Singapore – Singapore’s transport minister has resigned his post after being charged with 27 offences in a corruption probe that has also ensnared a billionaire hotel tycoon.
S. Iswaran was arrested in July of 2023 and released on bail in connection with a rare top-level graft investigation in the city-state.
Iswaran, 61, said he would plead not guilty to the charges filed by the powerful Corrupt Practices Investigation Bureau when he appeared in court on Thursday.
Prime Minister Lee Hsien Loong revealed shortly after Thursday’s hearing that Iswaran had submitted his resignation from the government, parliament and ruling People’s Action Party (PAP) on January 16 after being given formal notice of the charges against him.
Iswaran has also pledged to return the money received as part of his salary and allowances since his arrest, Lee said.
“I reject the allegations in the charges and will now focus on clearing my name,” Iswaran wrote in his resignation letter, which was published on the website of the prime minister’s office.
Most of the charges against Iswaran relate to corruption, but he also faces one charge of obstruction of justice.
Among other accusations, he is alleged to have accepted tickets to high-profile sporting events and stage shows from hotel tycoon Ong Beng Seng, one of Singapore’s richest people.
Ong, the managing director of Hotel Properties Limited, was arrested the same day as Iswaran in 2023 and also released on bail.
Ong is credited with helping bring the Formula One Grand Prix to Singapore in 2008.
“The Attorney-General’s Chambers (AGC) will take a decision in respect of the investigations against Mr Ong and others, after the case against Mr S Iswaran has been completed,” the AGC said in a statement Thursday.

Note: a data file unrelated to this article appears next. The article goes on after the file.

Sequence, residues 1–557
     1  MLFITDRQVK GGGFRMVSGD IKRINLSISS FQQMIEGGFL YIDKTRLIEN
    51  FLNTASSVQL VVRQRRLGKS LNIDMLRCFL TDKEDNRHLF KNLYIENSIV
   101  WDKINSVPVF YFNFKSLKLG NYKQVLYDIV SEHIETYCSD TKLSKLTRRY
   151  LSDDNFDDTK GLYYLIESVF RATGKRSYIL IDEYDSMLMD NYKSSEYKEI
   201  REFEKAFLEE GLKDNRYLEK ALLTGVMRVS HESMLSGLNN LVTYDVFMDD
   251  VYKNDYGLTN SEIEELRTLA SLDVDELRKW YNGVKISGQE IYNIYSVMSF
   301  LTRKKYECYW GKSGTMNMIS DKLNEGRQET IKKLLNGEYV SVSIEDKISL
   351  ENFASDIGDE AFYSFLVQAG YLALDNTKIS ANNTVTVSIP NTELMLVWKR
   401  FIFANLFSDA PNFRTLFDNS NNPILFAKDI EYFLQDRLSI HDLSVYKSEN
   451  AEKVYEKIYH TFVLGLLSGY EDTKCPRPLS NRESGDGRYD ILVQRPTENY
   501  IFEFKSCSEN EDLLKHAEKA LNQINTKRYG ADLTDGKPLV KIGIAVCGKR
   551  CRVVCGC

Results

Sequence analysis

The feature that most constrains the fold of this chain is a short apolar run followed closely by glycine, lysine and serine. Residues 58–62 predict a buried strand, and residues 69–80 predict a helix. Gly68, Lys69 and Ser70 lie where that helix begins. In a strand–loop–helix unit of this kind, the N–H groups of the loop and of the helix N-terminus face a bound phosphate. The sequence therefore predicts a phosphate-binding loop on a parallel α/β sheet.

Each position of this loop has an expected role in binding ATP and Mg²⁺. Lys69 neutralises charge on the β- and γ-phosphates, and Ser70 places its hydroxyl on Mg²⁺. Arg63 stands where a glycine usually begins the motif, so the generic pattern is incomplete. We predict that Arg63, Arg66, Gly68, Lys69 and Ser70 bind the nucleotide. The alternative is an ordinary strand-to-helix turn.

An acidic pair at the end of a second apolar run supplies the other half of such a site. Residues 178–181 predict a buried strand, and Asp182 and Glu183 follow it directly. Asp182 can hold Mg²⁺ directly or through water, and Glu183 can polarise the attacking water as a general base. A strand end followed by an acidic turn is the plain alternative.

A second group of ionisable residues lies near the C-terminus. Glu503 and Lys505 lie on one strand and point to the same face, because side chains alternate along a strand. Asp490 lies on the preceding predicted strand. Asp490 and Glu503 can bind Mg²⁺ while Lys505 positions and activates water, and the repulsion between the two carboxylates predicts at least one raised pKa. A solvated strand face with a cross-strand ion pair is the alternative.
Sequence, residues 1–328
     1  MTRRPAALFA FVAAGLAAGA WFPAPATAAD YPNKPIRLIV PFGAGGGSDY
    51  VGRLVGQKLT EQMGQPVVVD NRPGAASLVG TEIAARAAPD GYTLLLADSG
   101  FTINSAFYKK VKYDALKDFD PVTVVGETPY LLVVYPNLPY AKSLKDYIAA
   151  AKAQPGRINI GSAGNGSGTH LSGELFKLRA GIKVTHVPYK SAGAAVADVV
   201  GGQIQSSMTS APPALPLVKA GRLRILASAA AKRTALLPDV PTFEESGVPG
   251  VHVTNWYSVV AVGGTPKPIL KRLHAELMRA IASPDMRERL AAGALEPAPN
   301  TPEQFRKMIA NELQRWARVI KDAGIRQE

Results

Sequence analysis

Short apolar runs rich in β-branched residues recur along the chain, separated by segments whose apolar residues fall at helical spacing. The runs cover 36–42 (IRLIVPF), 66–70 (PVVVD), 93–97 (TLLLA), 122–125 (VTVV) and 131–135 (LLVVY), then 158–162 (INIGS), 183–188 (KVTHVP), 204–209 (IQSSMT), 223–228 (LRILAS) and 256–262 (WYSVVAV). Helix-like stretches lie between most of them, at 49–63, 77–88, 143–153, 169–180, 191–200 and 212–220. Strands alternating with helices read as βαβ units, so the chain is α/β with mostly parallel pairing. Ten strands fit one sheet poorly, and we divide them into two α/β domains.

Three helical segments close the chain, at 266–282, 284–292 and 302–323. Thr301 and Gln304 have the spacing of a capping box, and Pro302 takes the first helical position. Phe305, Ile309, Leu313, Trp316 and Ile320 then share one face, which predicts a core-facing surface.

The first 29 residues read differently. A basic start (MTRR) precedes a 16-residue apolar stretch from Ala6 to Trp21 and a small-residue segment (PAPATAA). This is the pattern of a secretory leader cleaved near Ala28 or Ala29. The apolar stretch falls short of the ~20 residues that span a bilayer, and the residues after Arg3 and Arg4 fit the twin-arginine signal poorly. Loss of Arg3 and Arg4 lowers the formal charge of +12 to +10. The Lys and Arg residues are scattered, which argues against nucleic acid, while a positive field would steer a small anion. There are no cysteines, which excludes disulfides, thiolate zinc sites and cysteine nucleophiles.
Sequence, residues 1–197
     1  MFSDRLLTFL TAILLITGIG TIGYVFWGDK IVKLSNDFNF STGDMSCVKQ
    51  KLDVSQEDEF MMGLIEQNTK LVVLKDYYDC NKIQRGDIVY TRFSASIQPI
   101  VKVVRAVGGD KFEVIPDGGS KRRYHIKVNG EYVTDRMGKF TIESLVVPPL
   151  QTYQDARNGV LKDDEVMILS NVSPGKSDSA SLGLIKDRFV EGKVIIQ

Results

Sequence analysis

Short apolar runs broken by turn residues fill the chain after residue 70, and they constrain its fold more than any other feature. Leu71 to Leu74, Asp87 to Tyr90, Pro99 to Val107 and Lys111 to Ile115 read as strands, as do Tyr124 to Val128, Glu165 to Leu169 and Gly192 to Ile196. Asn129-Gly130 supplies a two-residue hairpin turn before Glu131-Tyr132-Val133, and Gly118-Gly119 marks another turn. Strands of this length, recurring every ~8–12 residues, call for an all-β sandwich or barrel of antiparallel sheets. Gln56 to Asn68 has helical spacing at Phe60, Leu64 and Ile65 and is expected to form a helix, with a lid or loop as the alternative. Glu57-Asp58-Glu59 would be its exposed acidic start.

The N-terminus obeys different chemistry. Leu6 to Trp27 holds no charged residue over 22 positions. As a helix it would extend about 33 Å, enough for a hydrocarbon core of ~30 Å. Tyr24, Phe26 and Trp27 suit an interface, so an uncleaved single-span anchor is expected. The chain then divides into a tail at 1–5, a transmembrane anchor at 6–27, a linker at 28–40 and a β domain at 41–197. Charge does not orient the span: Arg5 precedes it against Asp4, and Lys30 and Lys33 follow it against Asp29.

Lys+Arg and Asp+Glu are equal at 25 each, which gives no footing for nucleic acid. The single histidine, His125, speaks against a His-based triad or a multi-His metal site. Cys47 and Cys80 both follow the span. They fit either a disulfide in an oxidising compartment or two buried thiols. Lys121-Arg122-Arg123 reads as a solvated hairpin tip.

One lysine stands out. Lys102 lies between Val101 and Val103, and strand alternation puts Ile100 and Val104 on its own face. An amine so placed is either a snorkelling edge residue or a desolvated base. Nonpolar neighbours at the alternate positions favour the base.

The graft investigation has gripped Singapore, a global financial hub reputed to be among the least corrupt countries in the world.
Cabinet ministers are paid salaries comparable to the top earners in the private sector to deter corruption.
Iswaran’s corruption case was the “most politically significant” in Singapore’s history, said Eugene Tan, an associate professor of law at Singapore Management University, describing it as a “body blow” for the PAP.
“But I think the fair-minded observer will look at Singapore’s track record, will look at how this case has been dealt with so far, and will not come to the view that this strong anti-corruption stance is just mere talk,” he said.
The alleged offences date back as far as 2015.
Questions remain over why they were not discovered sooner, and “whether the degree of transparency and public reporting by senior officials in the Singapore system is sufficient”, said Ian Chong, a political scientist at the National University of Singapore.
“They also raise questions about whether high pay is sufficient in discouraging corruption people could always want more,” he added.
Lee has previously admitted that his long-ruling PAP had “taken a hit” after a spate of political scandals.
In addition to Iswaran’s arrest last year, two PAP legislators resigned because of an affair.
Before that, two heavyweight cabinet members were investigated for allegedly getting favours in their rental of sprawling colonial-era bungalows, but were subsequently cleared of any wrongdoing.
Lee has faced criticism over an alleged lack of transparency in how the government handled the scandals, as well as questions over whether the standards set by the party’s founding leaders have been eroded.
The scandals come as the party which has ruled uninterrupted for 64 years bounced back from its worst ever election results in 2020, when its share of the popular vote fell, and the opposition gained more seats.
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